Dear TV Writers: Your Fear of the Moonlighting Curse is Killing Your Show

What is the Moonlighting Curse, and why is it such a big deal to television writers? Read this in-depth look at the crippling phenomenon and find out!

Getting Rid of the Stigma: Mental Illness in Young Adult Fiction, by Megan Mann

In this piece, Megan brilliantly discusses the stigma of mental illness in literature and how some young adult novels are helping to change the landscape for this discussion.

In Appreciation of the Everyday Heroine

A mask does not a hero make. In this piece, I discuss why it's wrong to dismiss characters without costumes or masks as superheroes.

Friday, September 30, 2011

3x02 "Geography of Global Conflict" (The Annie of it All)


"Geography of Global Conflict"
Original Airdate: September 29, 2011

It's no secret that my favorite character on Community is Annie Edison. I've said this before, but I feel like the reason is that I relate to her the most out of all of the study group members. I can genuinely empathize with her, because I feel like there are parts of me that are her - that crazy, neurotic little girl trapped inside of a young woman's body. I still watch Disney movies. I still crave to be praised by people around me as if they actually matter. So that's why this week was a spectacular episode for me - perhaps one of my favorites out of all three seasons. Be aware that I am a Jeff/Annie shipper, but even though this episode was about them, I will not be posting "OMG THEY'RE SO AMAAAAAZING AND YOU ALL NEED TO LOVE THEM." (I had my moments last night during the airing). The focus and purpose of this blog is to actually review the development of the show as a whole. That being said, there will be discussions about the Jeff/Annie dynamic, as it was an important factor in 3x02. Cool? Cool. Let's begin.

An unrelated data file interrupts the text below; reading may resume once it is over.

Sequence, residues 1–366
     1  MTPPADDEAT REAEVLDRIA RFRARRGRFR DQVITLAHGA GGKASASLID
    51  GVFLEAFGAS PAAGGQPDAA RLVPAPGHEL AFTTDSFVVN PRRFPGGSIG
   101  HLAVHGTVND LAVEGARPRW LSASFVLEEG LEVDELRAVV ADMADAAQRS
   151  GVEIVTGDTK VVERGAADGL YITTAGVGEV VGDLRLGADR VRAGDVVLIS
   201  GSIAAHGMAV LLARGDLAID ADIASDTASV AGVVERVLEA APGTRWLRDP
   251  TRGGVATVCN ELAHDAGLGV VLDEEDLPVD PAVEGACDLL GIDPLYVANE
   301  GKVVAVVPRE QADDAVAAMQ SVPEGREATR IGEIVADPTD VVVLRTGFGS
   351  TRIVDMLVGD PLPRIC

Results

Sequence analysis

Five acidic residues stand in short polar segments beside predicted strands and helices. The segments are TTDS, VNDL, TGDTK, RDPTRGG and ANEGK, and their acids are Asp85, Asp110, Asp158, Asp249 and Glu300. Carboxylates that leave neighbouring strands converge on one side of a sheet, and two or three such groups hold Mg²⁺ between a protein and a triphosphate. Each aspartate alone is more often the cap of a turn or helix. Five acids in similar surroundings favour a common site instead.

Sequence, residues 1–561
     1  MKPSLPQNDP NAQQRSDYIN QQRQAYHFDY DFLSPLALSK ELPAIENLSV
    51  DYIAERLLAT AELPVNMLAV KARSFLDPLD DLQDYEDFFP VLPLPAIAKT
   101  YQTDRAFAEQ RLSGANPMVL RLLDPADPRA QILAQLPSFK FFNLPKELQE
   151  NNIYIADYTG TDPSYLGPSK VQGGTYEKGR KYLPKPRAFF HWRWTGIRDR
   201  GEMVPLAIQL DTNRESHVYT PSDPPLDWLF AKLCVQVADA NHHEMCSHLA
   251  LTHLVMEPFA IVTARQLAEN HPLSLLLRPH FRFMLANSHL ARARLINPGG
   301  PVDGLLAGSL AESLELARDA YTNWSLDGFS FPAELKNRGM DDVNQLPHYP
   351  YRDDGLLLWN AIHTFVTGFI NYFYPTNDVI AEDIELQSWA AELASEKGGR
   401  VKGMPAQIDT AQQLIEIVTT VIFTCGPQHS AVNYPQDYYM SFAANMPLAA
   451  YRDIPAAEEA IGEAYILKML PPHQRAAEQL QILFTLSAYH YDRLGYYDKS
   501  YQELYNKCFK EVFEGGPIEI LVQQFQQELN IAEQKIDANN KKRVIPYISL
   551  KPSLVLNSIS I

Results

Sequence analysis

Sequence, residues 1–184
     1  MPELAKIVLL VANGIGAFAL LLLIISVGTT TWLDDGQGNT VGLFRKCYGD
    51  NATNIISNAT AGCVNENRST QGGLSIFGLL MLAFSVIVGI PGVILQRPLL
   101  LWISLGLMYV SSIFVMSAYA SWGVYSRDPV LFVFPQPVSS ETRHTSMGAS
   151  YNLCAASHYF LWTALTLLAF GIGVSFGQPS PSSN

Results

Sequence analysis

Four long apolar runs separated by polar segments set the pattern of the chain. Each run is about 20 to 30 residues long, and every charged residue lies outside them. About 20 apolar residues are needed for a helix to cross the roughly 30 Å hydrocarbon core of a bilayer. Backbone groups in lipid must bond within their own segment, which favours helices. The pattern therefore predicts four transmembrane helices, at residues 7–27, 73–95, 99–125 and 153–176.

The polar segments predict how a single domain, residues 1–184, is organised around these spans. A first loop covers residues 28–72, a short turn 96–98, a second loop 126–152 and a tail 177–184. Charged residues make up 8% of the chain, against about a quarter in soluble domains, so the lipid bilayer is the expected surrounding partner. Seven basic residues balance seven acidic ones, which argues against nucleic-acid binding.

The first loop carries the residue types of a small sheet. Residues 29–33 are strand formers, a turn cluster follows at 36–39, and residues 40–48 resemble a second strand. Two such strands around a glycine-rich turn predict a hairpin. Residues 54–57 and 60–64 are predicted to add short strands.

So we open last night's episode with Martin Starr, who I did not know because I never watched Party Down, as a PolySci professor. And here's where I will stop momentarily and discuss guest stars on Community. I'll be honest - I'm a spoiler junkie. And when I heard that the writers were planning on bringing in an assortment of guest stars, I was quite frankly a bit worried. But I think that Glee had scarred me from that. See, here's the thing with guest stars - guest stars are great. They are wonderful. Every show should (and usually does) have them at some point. In order for a guest star to work, however, they need to not take the focus of the show away from the main cast. And I think that for a lot of shows, that's the stumbling block. It's great to have someone like, say Katy Perry, on an episode of How I Met Your Mother. It's bad if she overshadows Neil Patrick Harris or Jason Segal in scenes, however (she never did though, and I liked her episode because of that). Also, I feel like shows sometimes try and bump up their ratings or viewership by throwing in completely extraneous guest stars (really, I'm talking to you Glee) just for the sake of having them. That hasn't been the case of Community, however. The writers and producers know how to use their guest stars to enhance the chemistry that the cast already has. (I had to sit and actually think that, yes, between the first two episodes this season, there have already been three guest stars, but it's not detracting from the group). Martin Starr did a fantastic job of fulfilling that role as a guest star.